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Rosacea (Red Lesions on Face) | Causes, Triggers, Types, Signs & Symptoms, Diagnosis, Treatment

Hi everyone welcome back to another lesson. This lesson is on rosacea, so we’re going to talk about some of the potential causes of this condition. We’Re also going to talk about some of the triggers the signs and symptoms, so we’re going to get into some of the specific skin lesions that can occur with rosacea. Then we’re going to talk about how it’s diagnosed and how it’s treated so rosacea is a chronic inflammatory condition involving recurrent episodes of skin lesions on the face we’re going to get into more detail as to these exact skin lesions later on. In this lesson, rosacea is an autoimmune condition, which means that it is the patient’s own immune system that attacks its own cells and tissues to cause a lot of these signs and symptoms.

Now, although this is known to be an autoimmune condition, the pathophysiology is not entirely understood, but we’re going to talk about some of the known path physiology later on in this lesson and rosacea may be associated with other conditions, including inflammatory bowel disease like ulcerative, colitis and Crohn’S disease and cardiovascular diseases and neurologic diseases and rosacea is estimated to affect at least five percent of the general population, which means that it is a relatively common condition and it is more likely to affect certain ethnic groups, particularly those with celtic heritage. Those individuals with celtic heritage have a higher likelihood of having rosacea compared to other populations, and this condition affects individuals between the ages of 30 to 50. Most often now, let’s talk about some of the potential causes of rosacea. So although the causes are not entirely known, it’s believed that genetics are involved. We talked about some of those ethnic groups that are at a higher likelihood of having rosacea, so genetics are likely involved in rosacea now.

Some other potential causes of rosacea include demidex, mites demadex mites. Are these microscopic hair, follicle mites, and it’s been shown that, when looking at the lesions of patients who have rosacea their lesions contain high levels of these demodex mites, so there does seem to be an association between high levels of these demidex mites or these hair. Follicle mites and rosacea and there has been another potential cause that has been noted, and this is an infection with helicobacter, pylori or h pylori. This is a gram, negative bacteria that can cause an infection in the stomach, so there does seem to be an association between an infection with h, pylori and the onset of rosacea as well. There has also been some association with exposure to ultraviolet or uv rays.

This may be more of a trigger and we’re going to talk about triggers of skin lesions later on in this lesson, so this may be more of a trigger of rosacea, not the exact cause, and then certain medications have also been noted to either cause rosacea or Trigger an underlying rosacea, some of these medications include steroids and some blood pressure medications. Now, let’s talk about some of the pathophysiology behind.

Why rosacea occurs so it all has to do with dysregulation of the innate and adaptive immune functioning and vasodilation and dilation of lymphatic vessels. So vasodilation would be dilation of blood vessels, so these are the two main categories of mechanisms and the reason why these may occur why this regulation of innate and adaptive immune functioning may occur includes increased expression or over expression of pole, like receptor 2, which is a Cell receptor involved in innate and adaptive immune functioning, so over expression and over-activation of this receptor seems to be part of the pathophysiology in rosacea and with regards to the vasodilation and dilation of lymphatic vessels, there seems to be an increased release of vasoactive peptides, so increased Release of vasoactive peptides has been noted in patients with rosacea, and patients with rosacea also seem to have higher levels of other particular receptors, including increased or overexpression of transient, receptor potential, vanilloid, 1 or trpv1 receptor and increased expression of trpa1 or transient receptor potential. Anchoring 1 receptor – and there are some other receptors as well, and each of these receptors seems to also be associated with some of the triggers we’re going to talk about later on in this lesson.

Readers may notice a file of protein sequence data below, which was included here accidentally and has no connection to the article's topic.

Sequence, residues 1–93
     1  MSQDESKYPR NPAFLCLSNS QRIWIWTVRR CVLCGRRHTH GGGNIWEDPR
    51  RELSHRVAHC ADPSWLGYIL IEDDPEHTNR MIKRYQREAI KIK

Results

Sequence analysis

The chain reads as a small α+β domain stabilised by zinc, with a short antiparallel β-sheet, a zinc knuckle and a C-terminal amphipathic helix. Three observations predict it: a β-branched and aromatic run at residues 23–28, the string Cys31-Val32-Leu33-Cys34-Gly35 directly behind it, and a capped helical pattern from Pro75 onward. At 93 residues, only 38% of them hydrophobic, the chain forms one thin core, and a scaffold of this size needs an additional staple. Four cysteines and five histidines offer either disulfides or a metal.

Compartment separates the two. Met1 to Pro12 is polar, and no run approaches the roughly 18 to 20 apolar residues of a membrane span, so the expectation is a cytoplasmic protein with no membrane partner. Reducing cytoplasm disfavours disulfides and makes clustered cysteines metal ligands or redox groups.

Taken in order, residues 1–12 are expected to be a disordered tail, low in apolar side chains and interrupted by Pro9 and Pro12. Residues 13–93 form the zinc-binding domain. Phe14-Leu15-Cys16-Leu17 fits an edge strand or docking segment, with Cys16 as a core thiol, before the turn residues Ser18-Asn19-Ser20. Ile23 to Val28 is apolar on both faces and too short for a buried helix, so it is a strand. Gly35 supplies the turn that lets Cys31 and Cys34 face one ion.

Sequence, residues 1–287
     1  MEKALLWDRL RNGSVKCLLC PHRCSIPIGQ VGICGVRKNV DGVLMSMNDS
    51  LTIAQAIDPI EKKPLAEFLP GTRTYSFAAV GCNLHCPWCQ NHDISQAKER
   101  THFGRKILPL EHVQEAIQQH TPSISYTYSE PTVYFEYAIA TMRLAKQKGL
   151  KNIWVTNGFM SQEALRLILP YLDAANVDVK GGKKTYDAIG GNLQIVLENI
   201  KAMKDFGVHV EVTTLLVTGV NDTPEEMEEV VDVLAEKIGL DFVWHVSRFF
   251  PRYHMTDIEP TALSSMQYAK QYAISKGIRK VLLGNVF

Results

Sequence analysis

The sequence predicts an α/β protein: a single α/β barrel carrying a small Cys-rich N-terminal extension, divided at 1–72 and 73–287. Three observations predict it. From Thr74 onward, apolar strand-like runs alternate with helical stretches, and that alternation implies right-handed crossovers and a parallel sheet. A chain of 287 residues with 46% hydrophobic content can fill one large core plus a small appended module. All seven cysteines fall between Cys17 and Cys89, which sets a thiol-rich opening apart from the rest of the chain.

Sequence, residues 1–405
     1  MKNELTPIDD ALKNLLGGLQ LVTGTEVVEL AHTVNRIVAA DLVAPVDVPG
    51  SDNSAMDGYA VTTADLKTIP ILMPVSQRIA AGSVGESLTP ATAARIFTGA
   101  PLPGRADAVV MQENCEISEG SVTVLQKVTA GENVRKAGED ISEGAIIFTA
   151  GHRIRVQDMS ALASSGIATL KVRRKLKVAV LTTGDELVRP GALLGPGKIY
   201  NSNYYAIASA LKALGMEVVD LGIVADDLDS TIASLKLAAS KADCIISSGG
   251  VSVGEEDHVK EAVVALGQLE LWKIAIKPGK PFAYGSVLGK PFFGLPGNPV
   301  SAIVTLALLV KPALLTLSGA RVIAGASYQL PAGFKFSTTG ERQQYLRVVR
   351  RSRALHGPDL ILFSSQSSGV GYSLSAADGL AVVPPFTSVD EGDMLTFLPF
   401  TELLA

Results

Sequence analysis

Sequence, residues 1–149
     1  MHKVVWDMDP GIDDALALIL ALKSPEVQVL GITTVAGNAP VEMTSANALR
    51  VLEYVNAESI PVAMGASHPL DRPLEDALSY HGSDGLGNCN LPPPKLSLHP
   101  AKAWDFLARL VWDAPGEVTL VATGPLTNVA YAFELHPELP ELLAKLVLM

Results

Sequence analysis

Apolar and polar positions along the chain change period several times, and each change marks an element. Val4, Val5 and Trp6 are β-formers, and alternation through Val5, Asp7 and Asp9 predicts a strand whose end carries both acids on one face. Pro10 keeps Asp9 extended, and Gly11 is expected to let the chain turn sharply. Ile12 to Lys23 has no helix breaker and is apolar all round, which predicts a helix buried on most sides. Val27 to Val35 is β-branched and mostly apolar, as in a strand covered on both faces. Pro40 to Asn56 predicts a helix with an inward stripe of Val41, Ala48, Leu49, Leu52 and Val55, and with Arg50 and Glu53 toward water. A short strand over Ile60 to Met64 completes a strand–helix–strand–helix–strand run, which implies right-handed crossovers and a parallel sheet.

So some of these are involved in heat and cold sensation that can cause changes to vasoregulation. So we’re going to talk a bit more about this later on in this lesson as well. So some of these receptors can be involved in why certain things trigger the onset of skin lesions in rosacea. But there also seems to be some interplay with having demodex mites or infestation of demodex mites and an infection with h, pylori, which seem to also increase some of the activation of some of these receptors in release of vasoactive peptides in some patients. So again, not all of the pathophysiology is known, but these are some of the known factors in rosacea.

Now there are several subtypes of rosacea that cause different clinical presentations. One subtype is known as erythematologic. This subtype is more commonly going to be the initial presentation of rosacea. Another one is papulo pustular. This one can appear like acne and often times will occur later on in life, so it can often times be termed.

As adult acne. There is also a subtype known as phymatis subtype and there’s also one that is known as ocular subtype, which affects the eye, so we’re going to talk about all the clinical signs and symptoms of each of these subtypes later on. In this lesson now it’s important to make note of the fact that individuals can have features of different subtypes. They can have some features of multiple subtypes and the subtypes may change over time. They may be more likely to have erythromatogetic subtype and then they may be more likely to have phymatis subtype later on in their life.

Now before we talk about the skin lesions, let’s talk about where they affect the face. Oftentimes, it’s going to affect the forehead, the nose and upper cheeks and the chin. These are going to be common areas where we see a lot of the lesions we’re going to talk about in this lesson and often times are going to be symmetric. So if you see it on one side, if you see it on the patient’s right side, you’re also going to see it on the patient’s left side, so they’re oftentimes going to be symmetric and in these locations now, let’s actually talk about the clinical features of rosacea. So, with regards to the erythomatolyn gectatic subtype, we see telangiectasias telongic pages.

Are these small dilated blood vessels that are often termed as spider veins? So we can see these on the face in those areas we talked about before this is oftentimes going to be more noted in older age. We can also see erythema, which is a reddening of the skin. This can be transient or non-transient, so transient being that it can come and go away, so it’s temporary or it can be non-transient, meaning that it can be permanent, so the patient’s face can become very reddened and oftentimes. This is going to affect younger age groups.